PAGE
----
He gave him a taste of what owning a business and being an entrepreneur was going to be like. And so he quit his job as a firefighter. He started building his real estate portfolio fulltime because all he wanted to do was be an entrepreneur. He started multiple other companies. He, you know, did some multilevel marketing selling a wine. He did some multilevel marketing doing beach body and he just caught the entrepreneurial bug because of this minute clinic that failed. And so instead of having self-limiting beliefs, what Jack said is, I’m going to try this business. Oh, that didn’t work out. Multilevel marketing didn’t work out. I’m going to try this, beach body. Oh that didn’t work out, but what it’s led him to now is Jack is now has over a hundred 120 units of passive real estate investments. Jack’s excited about his future.

He quit as a job as a firefighter to focus on is real estate investing business full time and all he’s doing is adding and adding and adding to his passive income ever single day. Now he could have a self-limiting belief because he blew up this minute clinic and it cost him hundreds of thousands of dollars. Or he could say, you know what, I have an amazing, fun, happy, hopeful future. And that’s a personal decision that we all get to make, you get to decide. You get to say, you know, all the going all the way back to you know, characteristic number four.

That successful people refuse to make decisions for them they make their own decisions. So number six is when you decide that you’re going to think big and you decide to take risk, things can go wrong, but you realize that you made that decision. It’s also completely up to you to make a new decision and have a huge, not self limiting belief, but an amazing belief that anything is possible for you because it is with the right resources, with the right people, with some financial backing, with an investor, with the right product, the right service.

You absolutely have an amazing, huge, fun, successful future in front of you. And it’s your choice what you believe. Is it a self-limiting belief or does a happy, big, profitable hope filled future belief that is just a decision that you get to make you get to decide one or the other. It’s completely up to you. And so thanks so much for joining me again for are nine characteristics of successful and productive people and some of the characteristics that I’ve observed in my own personal friends and my own personal relationships.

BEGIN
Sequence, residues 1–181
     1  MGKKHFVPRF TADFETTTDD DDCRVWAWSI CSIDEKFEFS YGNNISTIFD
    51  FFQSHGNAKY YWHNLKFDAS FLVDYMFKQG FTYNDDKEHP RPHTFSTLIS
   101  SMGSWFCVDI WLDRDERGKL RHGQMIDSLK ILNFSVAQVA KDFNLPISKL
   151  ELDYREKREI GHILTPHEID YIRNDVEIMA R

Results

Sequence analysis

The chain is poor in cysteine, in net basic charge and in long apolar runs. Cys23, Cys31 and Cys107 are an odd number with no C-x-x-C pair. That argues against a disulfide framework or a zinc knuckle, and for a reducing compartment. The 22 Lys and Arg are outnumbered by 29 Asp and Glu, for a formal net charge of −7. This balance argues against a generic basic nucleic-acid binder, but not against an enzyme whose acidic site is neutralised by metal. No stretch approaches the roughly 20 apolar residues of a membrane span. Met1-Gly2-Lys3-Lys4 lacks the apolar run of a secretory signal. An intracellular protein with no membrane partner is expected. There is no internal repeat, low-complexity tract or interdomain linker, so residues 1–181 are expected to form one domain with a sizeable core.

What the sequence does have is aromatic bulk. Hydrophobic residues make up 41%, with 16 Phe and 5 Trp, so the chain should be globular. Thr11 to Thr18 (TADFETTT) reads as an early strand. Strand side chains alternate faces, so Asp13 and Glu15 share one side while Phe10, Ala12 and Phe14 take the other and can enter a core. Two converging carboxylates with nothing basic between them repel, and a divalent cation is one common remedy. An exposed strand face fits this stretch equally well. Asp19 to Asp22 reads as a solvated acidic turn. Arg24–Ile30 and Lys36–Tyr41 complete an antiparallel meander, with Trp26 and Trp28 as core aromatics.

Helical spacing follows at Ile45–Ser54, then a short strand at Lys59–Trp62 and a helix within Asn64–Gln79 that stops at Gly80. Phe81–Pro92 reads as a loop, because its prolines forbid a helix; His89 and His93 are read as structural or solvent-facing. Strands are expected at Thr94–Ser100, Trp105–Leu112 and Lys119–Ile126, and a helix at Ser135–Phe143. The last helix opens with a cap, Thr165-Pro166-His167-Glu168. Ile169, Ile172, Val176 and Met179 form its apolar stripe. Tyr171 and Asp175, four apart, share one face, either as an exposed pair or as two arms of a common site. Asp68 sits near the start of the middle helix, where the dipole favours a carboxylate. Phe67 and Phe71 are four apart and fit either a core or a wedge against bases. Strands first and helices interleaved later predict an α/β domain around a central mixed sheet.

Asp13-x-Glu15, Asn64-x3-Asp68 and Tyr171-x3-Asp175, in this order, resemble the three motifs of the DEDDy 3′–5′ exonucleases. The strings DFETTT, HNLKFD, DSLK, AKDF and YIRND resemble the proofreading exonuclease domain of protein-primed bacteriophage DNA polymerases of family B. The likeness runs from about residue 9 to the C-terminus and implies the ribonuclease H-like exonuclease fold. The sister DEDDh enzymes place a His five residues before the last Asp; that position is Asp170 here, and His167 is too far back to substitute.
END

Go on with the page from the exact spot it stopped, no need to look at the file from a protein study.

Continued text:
And number six is again, is successful and productive people refuse to think small or give any capacity, any mental space to self-limiting beliefs. I hope you enjoyed it. I’m going to be jumping in here in just a minute, um, to the next one, which is, believing that what we want is possible, okay. It’s this very simple belief that whatever we want, whenever we want to do, like for Steve Jobs, he said we’re going to change the world. And he did. He believed that was possible to change the world. Whatever your belief is, you have to believe that it’s, that it’s possible, not impossible. We’re going to talk about that next.


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If you’re considering starting your own business (or, you have your own business and would like to grow it substantially), there are many barriers and challenges that threaten your success… the economy, your local market, your business know-how, and more.

But, do you know what the biggest threat is? Your own mindset. If you don’t believe in yourself, and you have a constant fear that you’ll never be good enough or smart enough, you will fail.

And that’s what Part 6 of this podcast series covers… the fact that the most successful entrepreneurs in the world refuse to think small. In other words, they don’t succumb to self-limiting beliefs.

It doesn’t matter what your background is. Maybe you grew up in a poor family, or you had an incarcerated or absent parent. Maybe you didn’t go to college, or you tried to start a business in the past and failed miserably.

Nothing in your past matters. If you have a healthy, positive, and motivated mindset, you can achieve your professional and personal goals, and you WILL achieve them.

Take a listen to hear about Josh’s own past struggles, and how he was able to overcome them and build his amazingly successful businesses.

What’s Inside:

  • Josh’s stories of his humble upbringings, and how his parents and grandparents worked hard to provide for their families.
  • How Josh’s dad was the first in his family to “dream big” and start his own business.
  • Josh’s own story of his successful battle with pancreatic cancer, which has only a 6-8% survival rate.
  • Tips for never allowing your history to dictate your future.

Mentioned in this episode​